1) The embedded turnout demonstrated favorable damping performance, which helps to reduce the vibration of tram-rail system; the high stiffness of variable section rails at the switch and frog increased the wheel-rail dynamic force of the passing tram.
2) When the tram passed through the embedded turnout, the maximum values of wheel-rail vertical force were 106.3 and 35.2 kN at the frog and switch, respectively. The maximum wheel derailment coefficient and wheel weight reduction rate were 0.49 and 0.57, respectively, which did not exceed the safety limit specified in the Standard.
3) When the tram passed through the branch line of the embedded turnout, the maximum lateral and vertical vibration accelerations of the tram body were 0.38 and 0.71 m/s2, respectively, both of which satisfied the comfort indices.
4) The wheel-rail wear work at the switch was larger than that at the frog. On the outer rail of the branch line, the maximum wheel–rail wear work recorded at the switch and frog were 4,180.3 and 2,105.4 Nm/s, respectively.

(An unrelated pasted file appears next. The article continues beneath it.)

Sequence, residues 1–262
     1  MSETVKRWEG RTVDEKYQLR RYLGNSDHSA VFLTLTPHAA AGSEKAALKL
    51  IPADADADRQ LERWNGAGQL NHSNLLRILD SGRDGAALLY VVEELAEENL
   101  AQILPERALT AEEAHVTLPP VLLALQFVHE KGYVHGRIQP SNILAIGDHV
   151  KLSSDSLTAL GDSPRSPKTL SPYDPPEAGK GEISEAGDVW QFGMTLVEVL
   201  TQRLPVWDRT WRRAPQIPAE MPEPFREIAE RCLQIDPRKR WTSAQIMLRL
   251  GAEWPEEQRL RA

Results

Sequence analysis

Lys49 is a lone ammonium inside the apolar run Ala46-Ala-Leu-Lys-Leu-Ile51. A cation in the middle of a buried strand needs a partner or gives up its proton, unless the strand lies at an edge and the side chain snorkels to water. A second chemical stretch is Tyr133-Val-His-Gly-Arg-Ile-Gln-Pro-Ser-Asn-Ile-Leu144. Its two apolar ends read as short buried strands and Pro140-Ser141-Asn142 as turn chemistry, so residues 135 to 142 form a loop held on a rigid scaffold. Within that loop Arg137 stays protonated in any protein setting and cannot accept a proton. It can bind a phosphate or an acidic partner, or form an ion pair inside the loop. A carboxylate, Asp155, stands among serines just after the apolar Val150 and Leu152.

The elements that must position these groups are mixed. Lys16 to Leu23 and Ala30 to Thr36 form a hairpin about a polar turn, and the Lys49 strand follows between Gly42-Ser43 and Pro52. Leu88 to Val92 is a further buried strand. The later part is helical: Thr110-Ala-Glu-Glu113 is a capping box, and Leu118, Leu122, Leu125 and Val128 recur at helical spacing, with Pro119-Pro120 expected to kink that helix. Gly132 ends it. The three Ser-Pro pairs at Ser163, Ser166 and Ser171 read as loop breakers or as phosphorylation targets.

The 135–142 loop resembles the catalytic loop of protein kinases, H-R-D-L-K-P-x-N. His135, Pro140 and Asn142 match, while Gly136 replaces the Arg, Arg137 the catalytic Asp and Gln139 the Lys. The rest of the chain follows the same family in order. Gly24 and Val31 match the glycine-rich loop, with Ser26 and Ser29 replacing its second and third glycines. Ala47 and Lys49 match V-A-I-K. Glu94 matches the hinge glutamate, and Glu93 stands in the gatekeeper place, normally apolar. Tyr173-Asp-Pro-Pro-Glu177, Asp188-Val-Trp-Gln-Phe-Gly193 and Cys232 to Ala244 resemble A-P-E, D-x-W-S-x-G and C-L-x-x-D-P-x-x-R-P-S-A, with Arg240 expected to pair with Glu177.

The dynamic interaction analysis in this article helps to enhance the understanding of the tram-embedded turnout coupling system. However, there still exist the following limitations:
1) Though embedded turnouts have good vibration damping performance, it also means that durability issues may be more prone to occur, such as rail cracks, track slab cracks, and other damages. In the succeeding work, we will further conduct in-depth research on the long-term service performance of embedded turnout under the action of tram loads.
2) The dynamic simulation program was compiled in MATLAB language, and have not yet developed a visualization function module, so it cannot display an actual model interface. We will further develop the visualization function in further work.
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About this article
The authors have not disclosed any funding.
The datasets generated during and/or analyzed during the current study are available from the corresponding author on reasonable request.
Conceptualization and methodology, Lihua Zhai; software and validation, Hongyu Wan; formal analysis, visualization and writing, Siqi Sun. All authors have read and agreed to the published version of the manuscript.
The authors declare that they have no conflict of interest.